RICHARD F. LACK: THE INTERIOR JOURNEY
Maryhill Museum of Art presents 40 paintings by renowned American realist Richard F. Lack.
Richard Lack (1928-2009) remembered studying with R. H. Ives Gammell (1893-1981) at the Fenway Studios in Boston: “He was very direct, very frank. No hyperbole; just right to the point—which I appreciated, although I got a little irritated in the beginning because as a precocious art student you don’t like to have people tell you that your work is awful.”
Lack went on to become a distinguished teacher and, in 1999, the American Society of Portrait Artists presented him with their first Founder’s Award. This award is “given to artists who have elevated and continued the tradition of fine portraiture, through works of exceptional merit and the consistent, thorough training of younger artists. Throughout his long and distinguished career, Lack’s work has exhibited the highest standard of both artistry and craftsmanship.”
Lack studied with Gammell in the early ’50s when Gammell was finishing his pictorial sequence based on Francis Thompson’s poem The Hound of Heaven, which he had begun over a decade earlier. The poem inspired “pictorial ideas for which I remained unable to find imagery susceptible of conveying my meaning,” he wrote. A breakthrough came from his reading the writings of Carl Jung. “For an artist interested in the imaginative appeal of his thesis more than in its lasting scientific, validity, Jung demonstrates convincingly the close relationship between myths, symbols, and poetic imagery, and the perpetually recurring emotional patterns of human life from which they evolved…”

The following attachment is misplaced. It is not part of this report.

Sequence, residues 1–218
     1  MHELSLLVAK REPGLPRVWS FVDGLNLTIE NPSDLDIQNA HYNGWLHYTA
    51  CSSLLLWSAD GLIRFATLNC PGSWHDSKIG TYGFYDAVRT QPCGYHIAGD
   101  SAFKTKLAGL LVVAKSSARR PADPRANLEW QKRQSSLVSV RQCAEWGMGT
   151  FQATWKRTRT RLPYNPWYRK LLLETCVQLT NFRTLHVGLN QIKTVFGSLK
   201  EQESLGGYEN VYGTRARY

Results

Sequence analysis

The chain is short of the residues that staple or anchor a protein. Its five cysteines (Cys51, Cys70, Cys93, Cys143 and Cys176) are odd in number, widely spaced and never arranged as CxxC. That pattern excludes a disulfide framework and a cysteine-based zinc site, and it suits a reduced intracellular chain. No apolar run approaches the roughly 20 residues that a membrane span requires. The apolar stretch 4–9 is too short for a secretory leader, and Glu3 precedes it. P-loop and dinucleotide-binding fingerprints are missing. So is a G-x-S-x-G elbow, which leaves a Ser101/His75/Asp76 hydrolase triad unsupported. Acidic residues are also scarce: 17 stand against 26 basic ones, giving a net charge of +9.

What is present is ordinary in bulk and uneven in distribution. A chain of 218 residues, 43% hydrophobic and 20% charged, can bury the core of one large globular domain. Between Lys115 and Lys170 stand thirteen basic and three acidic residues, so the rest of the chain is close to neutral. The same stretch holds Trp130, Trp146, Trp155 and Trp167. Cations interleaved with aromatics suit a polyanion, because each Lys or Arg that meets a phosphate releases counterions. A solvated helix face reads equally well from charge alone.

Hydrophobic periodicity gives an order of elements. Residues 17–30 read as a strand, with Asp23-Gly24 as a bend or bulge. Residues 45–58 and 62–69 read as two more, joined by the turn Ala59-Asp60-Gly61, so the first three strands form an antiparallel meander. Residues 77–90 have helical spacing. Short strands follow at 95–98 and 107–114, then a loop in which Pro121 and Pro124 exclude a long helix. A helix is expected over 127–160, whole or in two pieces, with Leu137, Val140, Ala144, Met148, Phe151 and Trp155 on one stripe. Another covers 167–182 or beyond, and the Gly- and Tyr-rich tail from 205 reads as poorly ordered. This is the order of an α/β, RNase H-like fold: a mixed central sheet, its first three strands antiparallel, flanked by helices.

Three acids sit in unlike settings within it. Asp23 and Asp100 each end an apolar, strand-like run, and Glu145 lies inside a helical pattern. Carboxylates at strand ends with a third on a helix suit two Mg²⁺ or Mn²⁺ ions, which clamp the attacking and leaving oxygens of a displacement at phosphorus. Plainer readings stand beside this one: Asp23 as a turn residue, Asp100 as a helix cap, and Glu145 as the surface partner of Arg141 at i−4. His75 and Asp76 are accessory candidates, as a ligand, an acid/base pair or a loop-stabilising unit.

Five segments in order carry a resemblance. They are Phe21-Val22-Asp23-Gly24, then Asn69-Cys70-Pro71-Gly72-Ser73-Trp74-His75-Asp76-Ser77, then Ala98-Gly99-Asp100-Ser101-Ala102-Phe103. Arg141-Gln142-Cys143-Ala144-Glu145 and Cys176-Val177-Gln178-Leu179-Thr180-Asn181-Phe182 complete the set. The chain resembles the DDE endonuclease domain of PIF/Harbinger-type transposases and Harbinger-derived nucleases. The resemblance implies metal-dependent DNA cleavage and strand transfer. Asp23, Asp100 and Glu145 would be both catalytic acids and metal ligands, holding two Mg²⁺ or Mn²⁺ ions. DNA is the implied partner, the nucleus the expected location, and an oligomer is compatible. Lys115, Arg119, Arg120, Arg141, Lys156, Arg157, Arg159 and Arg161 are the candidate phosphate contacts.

I saw his Hound of Heaven sequence at a museum in Worthing, West Sussex, many years ago. I frequently vacationed in nearby Storrington where Thompson (1859-1907) wrote his immortal poem.
The Maryhill Museum of Art in Goldendale, Washington, showed the sequence in 2013. The museum is featuring Lack’s own epic series, The Interior Journey, through November 15.
Stephen Gjertson, a student of Lack and guest curator for the exhibition, writes, “Lack considered The Interior Journey and the Day of Wrath Triptych his most important works. He worked
"…Throughout his long and distinguished career, Lack’s work has exhibited the highest standard of both artistry and craftsmanship."
on these two series of paintings for over 30 years. He felt that he was building upon the artistic foundation of R. H. Ives Gammell, and further developing the depiction of universal ideas through symbolic imagery. The artistry of these works is sophisticated, and he combined the methods of the Flemish and Venetian painters with brilliant, impressionist color to create works of decorative beauty and expressive power. He spent much of his creative career developing the complex iconography of these symbolic paintings.”
Lack’s paintings are often described as “imaginative” and are based on an educated imagination and classical tradition. Gjertson explains, “Imaginative painting is an updated and broader term that was used by R. H. Ives Gammell and Richard Lack to describe work that was, in the past, designated as historical, or poetic painting. It includes historical, religious, mythological, allegorical, fantasy, mystical and symbolic art. Imaginative painting uses highly specialized generative methods. It also requires a specific type of drawing that integrates nature, anatomical construction, idealization,